Contact Center Moneyball
Hit a Homerun with analytics
This week, as we hosted customers and partners during our Calabrio Customer Connect (C3) conference here in Minneapolis, we took a deeper dive with many of our clients during breakout sessions as they discussed their experiences with Calabrio.
One of the most popular topics was analytics, and we know that multichannel analytics are changing the way contact centers listen to the voice of the customer. When we hear success stories from our customers, it reinforces that analytics technology will only continue to grow. One such success story comes from customer Ryan Bradley, the Director of the Center of Excellence at Erie Insurance Group who, in his breakout session, put a Moneyball spin on analytics.
For those not familiar with Moneyball, Branch Rickey’s techniques have been tried and refined by numerous professional sports teams over the past seven decades. Rickey was the first person to implement statistical analysis in sports during his tenure with the Brooklyn Dodgers, and he spurred what is now known as the “Moneyball” approach—the process of using statistical analysis to uncover talented players who did not perform well for traditional scouting tests. Moneyball is what ultimately led to the 1991 Oakland A’s 20 consecutive game winning streak. Interestingly enough, this type of analysis also blew the doors open for analytics to infiltrate many of the business decisions we make every day.
As many of us know, analytics are part of the lifeblood of the contact center and, similar to Moneyball, analytics can be leveraged to adjust strategies in order to set the contact center up for the best possible outcome: customer satisfaction and loyalty. But in a world of “infobesity,” it’s not a matter of gathering information, it’s of being able to whittle it down in order to translate it into meaningful insights. That is the real struggle that has business leaders agonizing over how to take advantage of the wealth of information living within the contact center. Erie Insurance Group had similar challenges, but here are some of the plays that Ryan and his team made to get in the analytics game.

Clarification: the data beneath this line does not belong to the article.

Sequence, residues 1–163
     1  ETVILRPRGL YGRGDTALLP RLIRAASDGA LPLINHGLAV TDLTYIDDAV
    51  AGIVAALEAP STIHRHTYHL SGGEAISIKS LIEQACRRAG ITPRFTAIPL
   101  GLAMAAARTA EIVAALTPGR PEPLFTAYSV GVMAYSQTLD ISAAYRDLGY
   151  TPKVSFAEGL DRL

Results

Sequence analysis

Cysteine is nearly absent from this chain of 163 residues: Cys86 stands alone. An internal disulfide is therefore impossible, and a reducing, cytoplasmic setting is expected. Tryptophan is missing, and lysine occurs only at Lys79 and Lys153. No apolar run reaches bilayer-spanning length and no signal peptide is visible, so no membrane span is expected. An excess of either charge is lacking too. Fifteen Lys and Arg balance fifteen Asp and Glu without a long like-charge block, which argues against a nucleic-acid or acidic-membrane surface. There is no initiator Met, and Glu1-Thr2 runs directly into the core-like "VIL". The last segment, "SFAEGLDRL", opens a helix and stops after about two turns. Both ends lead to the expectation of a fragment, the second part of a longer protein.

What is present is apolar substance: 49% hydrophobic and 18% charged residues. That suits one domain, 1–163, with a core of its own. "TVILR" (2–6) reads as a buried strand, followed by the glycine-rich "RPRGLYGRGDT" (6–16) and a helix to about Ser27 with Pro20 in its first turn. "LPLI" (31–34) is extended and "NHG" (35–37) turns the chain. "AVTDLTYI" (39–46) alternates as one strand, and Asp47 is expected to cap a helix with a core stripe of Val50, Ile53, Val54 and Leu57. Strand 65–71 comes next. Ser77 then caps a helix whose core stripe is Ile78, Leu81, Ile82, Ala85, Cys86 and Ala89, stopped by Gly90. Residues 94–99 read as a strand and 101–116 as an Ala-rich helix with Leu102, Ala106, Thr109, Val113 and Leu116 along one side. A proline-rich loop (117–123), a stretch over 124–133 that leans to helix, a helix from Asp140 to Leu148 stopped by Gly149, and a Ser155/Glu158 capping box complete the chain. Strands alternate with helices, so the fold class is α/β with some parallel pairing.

Put in the time
When the project started, a team of four quality management employees spent around 300 hours defining the business needs and developing a framework. Although a labor-intensive process, it paid off when the team was able to quickly identify and implement changes. Most importantly, the QM team spent a lot of time listening to calls in order to build the most precise results possible. Had they not put in that on-the-ground effort, the project may have been misdirected.
Determine the metrics
Erie Insurance had questions, and they turned those questions into insights. For them it was about understanding the impact of a payment option change on customer loyalty. Whether their questions had been about determining why some calls lasted longer than others or understanding why specific customers called more than once, the important part was that Erie Insurance asked the right questions and developed the right processes around those questions. Their reward was that they got the answers they wanted.
Ensuring the success of any analytics program requires buy-in from both management and agents. Erie Insurance started small, easing all stakeholders into the new process by serving up starter metrics around First Call Resolution. While not terribly exciting, the team’s findings about the budget spent on call redundancy ultimately helped create the buy-in needed to ensure future project success.
Analytics gives us the ability to see statistical insights that allow us to make more informed decisions, and they most certainly aren’t going away.
Want to know more about contact center Moneyball strategies and analytics? Check out these resources:
- White paper: “Transforming the Contact Center into a Customer Intelligence Hub”
- Blog post: “Why Random Sampling Alone is Not Enough to Ensure Contact Center Quality”
- Comprehensive Calabrio Analytics suite